Check out: GoPro, CoolaSun BumAmavara Skincare, Lotus Sustainables

4. To improve our homes

One product, dozens of uses… San Diego manufacturers like WD-40 and Dr. Bronner’s are big believers in efficiency when it comes to household products.

Check out: WD-40Dr. Bronner’s

5. To make music

San Diego manufacturing is music to our ears with beautifully crafted guitars and banjos made right here in our own backyard.

Check out: Taylor Guitars, Deering Banjos

6. To help planet Earth

With San Diego’s proximity to beautiful beaches, mountains, and parks, our companies know how important it is to care for our planet through thoughtful sustainable products.

Check out: Lotus Sustainables, Verity Case

7. To taste something delicious

San Diego knows how to deliver on taste, whether you’re in the mood for craft beer or something sweet. Though North County leads the way with its many breweries and Bitchin’ Sauce, there are plenty of treats to go around no matter where you are in the region.

Check out: Stone Brewing, Bitchin’ Sauce, Suja Juice, White Labs, Modern Times, GelatoLove, Maya’s Cookies, The Mulk

8. To make the world a healthier place

From research to medical device manufacturing, San Diego is a thriving hub for biotech in all its forms. Device companies like BD and Illumina are leading the way when it comes to both preventative health and effective care.

Check out: BDIllumina, DermTech, NuVasive, Thermo Fisher Scientific, Dexcom

More on manufacturing:

Does your San Diego manufacturing company need help finding resources, or just want to know more about San Diego’s thriving manufacturing scene? Click here to learn more, and get in touch with EDC for custom help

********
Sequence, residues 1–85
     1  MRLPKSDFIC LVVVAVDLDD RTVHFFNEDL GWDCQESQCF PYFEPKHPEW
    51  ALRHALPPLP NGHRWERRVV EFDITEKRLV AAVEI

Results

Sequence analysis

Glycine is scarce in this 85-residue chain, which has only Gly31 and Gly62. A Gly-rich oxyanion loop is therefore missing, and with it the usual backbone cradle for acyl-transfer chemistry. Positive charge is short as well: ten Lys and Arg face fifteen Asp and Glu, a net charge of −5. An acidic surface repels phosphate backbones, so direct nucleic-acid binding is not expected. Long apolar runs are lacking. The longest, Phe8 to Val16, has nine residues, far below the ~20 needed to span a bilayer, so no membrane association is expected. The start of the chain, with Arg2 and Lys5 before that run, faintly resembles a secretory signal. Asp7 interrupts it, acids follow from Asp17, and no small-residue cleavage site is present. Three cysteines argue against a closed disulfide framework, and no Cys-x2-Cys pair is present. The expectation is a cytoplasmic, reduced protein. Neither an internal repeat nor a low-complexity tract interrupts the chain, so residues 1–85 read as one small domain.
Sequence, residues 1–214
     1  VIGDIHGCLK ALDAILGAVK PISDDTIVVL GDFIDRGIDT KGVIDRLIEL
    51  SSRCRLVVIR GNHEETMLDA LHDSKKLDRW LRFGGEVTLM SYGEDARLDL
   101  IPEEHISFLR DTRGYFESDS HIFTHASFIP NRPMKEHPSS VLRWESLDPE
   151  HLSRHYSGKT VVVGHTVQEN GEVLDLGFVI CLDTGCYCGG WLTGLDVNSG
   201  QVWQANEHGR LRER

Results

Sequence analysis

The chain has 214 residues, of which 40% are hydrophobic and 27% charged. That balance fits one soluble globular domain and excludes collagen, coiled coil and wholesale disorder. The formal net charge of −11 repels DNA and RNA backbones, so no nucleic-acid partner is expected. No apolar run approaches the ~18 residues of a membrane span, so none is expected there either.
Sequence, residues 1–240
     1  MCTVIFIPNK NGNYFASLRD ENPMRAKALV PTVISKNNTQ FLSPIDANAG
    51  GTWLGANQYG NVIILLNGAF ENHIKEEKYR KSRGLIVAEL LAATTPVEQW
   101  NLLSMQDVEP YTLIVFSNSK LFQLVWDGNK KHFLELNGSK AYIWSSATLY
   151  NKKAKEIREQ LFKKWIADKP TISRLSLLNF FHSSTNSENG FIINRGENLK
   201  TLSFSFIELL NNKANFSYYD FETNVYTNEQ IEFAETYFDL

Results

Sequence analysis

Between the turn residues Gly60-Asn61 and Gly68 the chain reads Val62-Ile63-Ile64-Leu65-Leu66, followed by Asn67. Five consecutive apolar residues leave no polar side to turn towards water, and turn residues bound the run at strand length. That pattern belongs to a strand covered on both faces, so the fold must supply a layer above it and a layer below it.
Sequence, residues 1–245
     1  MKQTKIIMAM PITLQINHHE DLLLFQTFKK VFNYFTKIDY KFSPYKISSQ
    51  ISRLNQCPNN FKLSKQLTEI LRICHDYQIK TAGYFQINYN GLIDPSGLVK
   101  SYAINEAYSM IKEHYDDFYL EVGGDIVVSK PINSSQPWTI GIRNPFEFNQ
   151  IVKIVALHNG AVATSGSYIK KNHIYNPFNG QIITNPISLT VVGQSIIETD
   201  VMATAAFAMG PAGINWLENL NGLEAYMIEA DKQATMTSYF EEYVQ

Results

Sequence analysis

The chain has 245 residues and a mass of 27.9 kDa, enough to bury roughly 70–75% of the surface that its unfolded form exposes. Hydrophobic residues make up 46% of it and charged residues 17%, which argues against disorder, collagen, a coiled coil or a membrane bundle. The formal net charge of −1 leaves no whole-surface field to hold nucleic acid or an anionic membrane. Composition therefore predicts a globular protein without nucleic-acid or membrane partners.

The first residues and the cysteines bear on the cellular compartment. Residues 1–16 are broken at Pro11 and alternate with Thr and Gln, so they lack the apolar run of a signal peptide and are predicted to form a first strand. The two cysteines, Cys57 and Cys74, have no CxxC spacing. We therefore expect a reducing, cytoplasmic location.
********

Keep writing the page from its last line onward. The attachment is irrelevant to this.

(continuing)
More on MFG Day 2021

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San Diego’s Changing Business Landscape: Turning the pandemic corner

Welcome to the second edition in EDC’s Changing Business Landscape Series, which will be published bi-monthly in the San Diego Business Journal and here on our blog. If you missed the first edition, read it here.

Surveying the changing business landscape in San Diego

The COVID-19 pandemic has impacted every facet of life, including how businesses operate. Companies in every industry are rapidly re-evaluating how they do business, changing the way they interact with customers, manage supply chains and where their employees are physically located. This has massive immediate and long-term implications for San Diego’s workforce and job composition, as well as regional land use decisions and infrastructure investment.

To identify evolving trends in local business needs and operations, ensuring their ability to grow and thrive in the region, EDC is surveying more than 200 companies in the region’s key industries on a rolling basis throughout 2021 to monitor and report shifts in their priorities and strategies. In addition, EDC constructed the San Diego Business Recovery Index (BRI)—a sentiment index to measure companies’ perceptions of current conditions, as well as expectations for the future across several factors such as business development, employment and commercial real estate needs. Review the BRI concept and methodology here.

These insights will help inform long-term economic development priorities around talent recruitment and retention, quality job creation and infrastructure development. Companies are surveyed on several topics, with varying emphases in each wave.

Here are three key findings from the second wave of surveying conducted in April 2021:

  1. The worst of the pandemic is behind us. Companies are very bullish about the next six to 12 months and, as a result, plan to accelerate hiring.
  1. San Diego’s innovation cluster is (mostly) booming. Life Sciences companies lead the way while Cyber and Aerospace firms are still working through pandemic-related challenges.
  1. Companies are seriously reevaluating their space needs. Smaller firms are looking to expand their footprint, while traditional Tech companies may be scaling down.

The worst is behind us

San Diego companies indicated that they think the worst of the pandemic has passed. With a BRI of 58.9 in April, regional firms noted that they plan to hire or rehire workers at a slightly faster pace than they have up to this point, while also expanding remote work capabilities going forward.